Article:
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Food Science and Technology

Print version ISSN 0101-2061

Ciênc. Tecnol. Aliment. vol.30 no.2 Campinas Apr./June 2010 



Association between aflatoxin and aflatoxigenic fungi in Brazil nut (Bertholletia excelsa H.B.K.)


Associação de aflatoxinas e fungos aflatoxigênicos em castanha-do-Brasil (Bertholletia excelsa H.B.K.)



Ariane Mendonça PachecoI, *; Ana LucasI; Rosana ParenteI; Neuzimar PachecoII

IFood Science Department, Pharmacy Faculty, University of Amazonas - UNAMA, R. Rio Itannana, 200, Cj Vieiralves, CEP 69053040, Manaus - AM, Brazil, E-mail:
IINutricon Food Analysis, Manaus - AM, Brazil




Brazil nut has a high nutritional content and is a very important trade commodity to some Latin American countries. In order to evaluate its safety, 120 samples from different stages of the productive chain were analyzed in terms of: moisture content (mc), aflatoxigenic fungi and aflatoxin (LOQ = 1.95 μ total aflatoxin) using TLC. Among all samples, 4 (6.7%) from the receiving area, and 5 (16.7%), from retail presented aflatoxins above the LOQ, but the amount of aflatoxins was below the LOQ after the samples were dried in the plant. The positive samples were above the limit of total aflatoxin permitted by the European Union (4.0 μ and Brazil (30 μ The mc mean was 22.43% in the receiving area, which is higher than that in the other stages samples. All the A. flavus strains were aflatoxigenic, and there was statistic association between the presence of aflatoxin and flavus strains. The aflatoxigenic fungi strains associated to the aflatoxins levels in the samples show that an effective control is necessary for the food safety in the Brazil nut production chain.

Keywords: Bertholletia; Aspergillus; moisture; chromatography.


A castanha-do-Brasil tem um alto teor nutricional e é um importante produto comercial para alguns países da América Latina. Com objetivo de avaliar a segurança, 120 amostras de diferentes etapas da cadeia produtiva, foram analisadas quanto a: teor de umidade, fungos aflatoxigênicos e aflatoxinas (LOQ = 1,95 μ aflatoxinas totais) por CCD. Das amostras, 4 (6,7%) da área de recepção, e 5 (16,7%) do varejo apresentaram aflatoxinas acima do LOQ. Nas amostras após secagem na usina não foram detectadas aflatoxinas(< LOQ). As amostras positivas estavam acima dos limites aceitos pela União Européia (4,0 μ e Brasil (30 μ A média do teor de umidade foi de 22,43% na etapa de recepção, maior do que as outras etapas estudadas. Todas as cepas de A. flavus eram aflatoxigênicas e houve associação estatística entre a presença de aflatoxinas e a presença da cepa de flavus. As cepas aflatoxigênicas associadas às aflatoxinas das amostras demonstram que é neccessario um controle efetivo da segurança alimentar na cadeia produtiva da castanha-do-Brasil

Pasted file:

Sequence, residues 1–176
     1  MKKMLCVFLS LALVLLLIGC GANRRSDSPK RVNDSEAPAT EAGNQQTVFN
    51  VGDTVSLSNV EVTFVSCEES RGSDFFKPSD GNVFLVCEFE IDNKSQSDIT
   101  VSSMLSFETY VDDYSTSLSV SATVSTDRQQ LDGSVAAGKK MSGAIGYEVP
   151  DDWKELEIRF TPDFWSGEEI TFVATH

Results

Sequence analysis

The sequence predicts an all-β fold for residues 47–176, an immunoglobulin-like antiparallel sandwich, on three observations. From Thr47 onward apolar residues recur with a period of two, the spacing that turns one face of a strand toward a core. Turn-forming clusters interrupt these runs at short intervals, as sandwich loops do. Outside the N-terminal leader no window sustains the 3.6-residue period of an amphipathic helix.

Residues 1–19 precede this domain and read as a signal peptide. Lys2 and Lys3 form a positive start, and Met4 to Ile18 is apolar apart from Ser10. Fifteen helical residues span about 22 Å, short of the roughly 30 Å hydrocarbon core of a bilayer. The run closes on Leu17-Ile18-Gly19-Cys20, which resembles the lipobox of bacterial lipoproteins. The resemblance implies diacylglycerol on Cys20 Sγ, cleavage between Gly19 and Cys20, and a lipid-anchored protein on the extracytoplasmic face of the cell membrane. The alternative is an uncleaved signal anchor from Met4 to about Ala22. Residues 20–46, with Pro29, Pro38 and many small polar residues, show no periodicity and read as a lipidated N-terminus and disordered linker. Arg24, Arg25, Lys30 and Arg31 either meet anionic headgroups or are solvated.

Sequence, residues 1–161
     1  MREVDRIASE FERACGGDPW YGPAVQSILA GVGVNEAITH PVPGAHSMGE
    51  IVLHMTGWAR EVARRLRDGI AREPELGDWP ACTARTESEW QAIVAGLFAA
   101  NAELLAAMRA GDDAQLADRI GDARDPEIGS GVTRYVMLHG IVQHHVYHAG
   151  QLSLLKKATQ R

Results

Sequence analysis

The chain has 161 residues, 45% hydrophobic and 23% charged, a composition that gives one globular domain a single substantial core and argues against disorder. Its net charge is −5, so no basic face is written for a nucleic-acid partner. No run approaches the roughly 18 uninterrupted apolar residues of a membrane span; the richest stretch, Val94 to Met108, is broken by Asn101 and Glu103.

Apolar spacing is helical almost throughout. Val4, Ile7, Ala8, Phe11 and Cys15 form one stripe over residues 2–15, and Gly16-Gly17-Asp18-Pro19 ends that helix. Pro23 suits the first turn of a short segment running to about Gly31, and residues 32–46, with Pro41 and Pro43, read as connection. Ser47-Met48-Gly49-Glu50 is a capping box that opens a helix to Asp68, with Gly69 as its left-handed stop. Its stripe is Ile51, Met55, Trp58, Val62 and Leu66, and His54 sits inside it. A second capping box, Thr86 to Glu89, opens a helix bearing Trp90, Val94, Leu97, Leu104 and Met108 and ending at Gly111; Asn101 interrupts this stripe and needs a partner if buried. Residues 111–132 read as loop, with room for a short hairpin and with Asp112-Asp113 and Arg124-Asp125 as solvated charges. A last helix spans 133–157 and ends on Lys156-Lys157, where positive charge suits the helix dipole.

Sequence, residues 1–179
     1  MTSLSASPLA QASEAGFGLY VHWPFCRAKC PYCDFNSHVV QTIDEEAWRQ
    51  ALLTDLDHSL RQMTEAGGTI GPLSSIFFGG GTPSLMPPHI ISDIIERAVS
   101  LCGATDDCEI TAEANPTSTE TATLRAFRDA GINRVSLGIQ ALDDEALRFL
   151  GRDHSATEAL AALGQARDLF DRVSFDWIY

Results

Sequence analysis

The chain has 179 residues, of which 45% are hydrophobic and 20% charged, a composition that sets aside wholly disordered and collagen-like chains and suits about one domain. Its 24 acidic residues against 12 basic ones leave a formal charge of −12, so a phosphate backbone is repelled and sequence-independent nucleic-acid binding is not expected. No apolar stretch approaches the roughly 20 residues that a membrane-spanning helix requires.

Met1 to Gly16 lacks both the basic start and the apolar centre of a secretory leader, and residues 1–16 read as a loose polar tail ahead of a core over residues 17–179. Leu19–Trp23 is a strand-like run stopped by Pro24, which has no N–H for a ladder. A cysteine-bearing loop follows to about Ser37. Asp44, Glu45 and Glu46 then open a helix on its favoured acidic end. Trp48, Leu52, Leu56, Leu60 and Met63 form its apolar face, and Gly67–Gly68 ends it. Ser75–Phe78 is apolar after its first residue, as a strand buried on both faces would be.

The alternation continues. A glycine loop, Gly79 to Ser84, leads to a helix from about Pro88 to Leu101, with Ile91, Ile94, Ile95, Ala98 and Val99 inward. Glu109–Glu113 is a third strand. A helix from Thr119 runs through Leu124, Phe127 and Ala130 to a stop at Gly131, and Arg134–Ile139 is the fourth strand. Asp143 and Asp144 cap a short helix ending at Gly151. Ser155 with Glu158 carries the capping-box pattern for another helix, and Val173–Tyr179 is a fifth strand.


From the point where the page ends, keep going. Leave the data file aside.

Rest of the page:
Palavras-chaves: Bertholletia; Aspergillus; umidade; cromatografia.



1 Introduction

Brazil nut (Bertholletia excelsa H.B.K.) grows in the Amazon region and represents a very important trade commodity to some Northern Brazilian States. After being harvested, the nuts are transported to the factories, where they can be kept in-shell or be shelled, or in other product forms (PACHECO; SCUSSEL, 2006). Due to the nutritional properties, Brazil nuts are well known for their source of oil, protein, and selenium (ANDRADE et al., 1999; CHANG et al., 1995; RYAN et al., 2006), but they have also been associated with the mycotoxin contamination (PACHECO; SCUSSEL, 2007). The aflatoxins are natural toxic contaminants from the mycotoxins group, secondary metabolites of fungi metabolism, associated with food and feeding. They are considered carcinogenic, capable of causing organic changes, and, in high concentrations, they are lethal to animals and humans (INTERNATIONAL AGENCY OF RESEARCH ON CANCER, 1997). They are mostly produced by Aspergillus, especially flavus and parasiticus, and these fungi grow in the rain forest conditions, high relative humidity (rh) (> 85%) and temperatures (> 25 °C). The growth of each fungus is determined not only by environmental factors, but also by the relationship of the fungus and particular plants, or whether such a relationship does exist (PITT, 2006). In addition, the environmental conditions seem to directly influence the moisture content (mc) and the food composition of tropical products, and they can promote the growth of fungi strains in such as Brazil nuts (ARRUS et al., 2005a). Some studies reported that aflatoxigenic strains, especially A. flavus, have been observed in in-shell and shelled Brazil nuts (CASTRILLON; PURCHIO, 1988; FREIRE; KOZAKIEWICZ; PATERSON, 2000; BAYMAN; BAKER; MAHONEY, 2002; ARRUS et al., 2005b).